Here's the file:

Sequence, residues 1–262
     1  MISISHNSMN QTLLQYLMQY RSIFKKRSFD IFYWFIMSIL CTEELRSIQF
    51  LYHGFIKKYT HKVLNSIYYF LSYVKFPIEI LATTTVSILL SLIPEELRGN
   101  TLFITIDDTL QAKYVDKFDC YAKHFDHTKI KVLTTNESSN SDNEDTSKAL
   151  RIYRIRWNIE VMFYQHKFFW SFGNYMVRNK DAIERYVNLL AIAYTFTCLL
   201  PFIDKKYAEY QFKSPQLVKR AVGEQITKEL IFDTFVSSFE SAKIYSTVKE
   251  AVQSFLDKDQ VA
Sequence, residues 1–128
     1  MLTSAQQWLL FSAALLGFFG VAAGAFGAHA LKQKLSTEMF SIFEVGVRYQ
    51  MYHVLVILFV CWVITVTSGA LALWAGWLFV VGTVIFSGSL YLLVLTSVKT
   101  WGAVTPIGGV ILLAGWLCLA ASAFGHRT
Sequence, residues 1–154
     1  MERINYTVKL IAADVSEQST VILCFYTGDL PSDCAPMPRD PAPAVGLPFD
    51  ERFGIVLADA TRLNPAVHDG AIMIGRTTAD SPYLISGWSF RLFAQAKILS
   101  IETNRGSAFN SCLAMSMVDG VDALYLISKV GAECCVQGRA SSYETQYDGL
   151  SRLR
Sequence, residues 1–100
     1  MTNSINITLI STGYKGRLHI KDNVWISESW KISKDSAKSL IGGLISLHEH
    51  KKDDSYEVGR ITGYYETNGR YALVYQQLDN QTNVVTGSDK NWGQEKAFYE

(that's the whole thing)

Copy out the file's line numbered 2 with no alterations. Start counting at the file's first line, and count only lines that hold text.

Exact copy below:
     1  MISISHNSMN QTLLQYLMQY RSIFKKRSFD IFYWFIMSIL CTEELRSIQF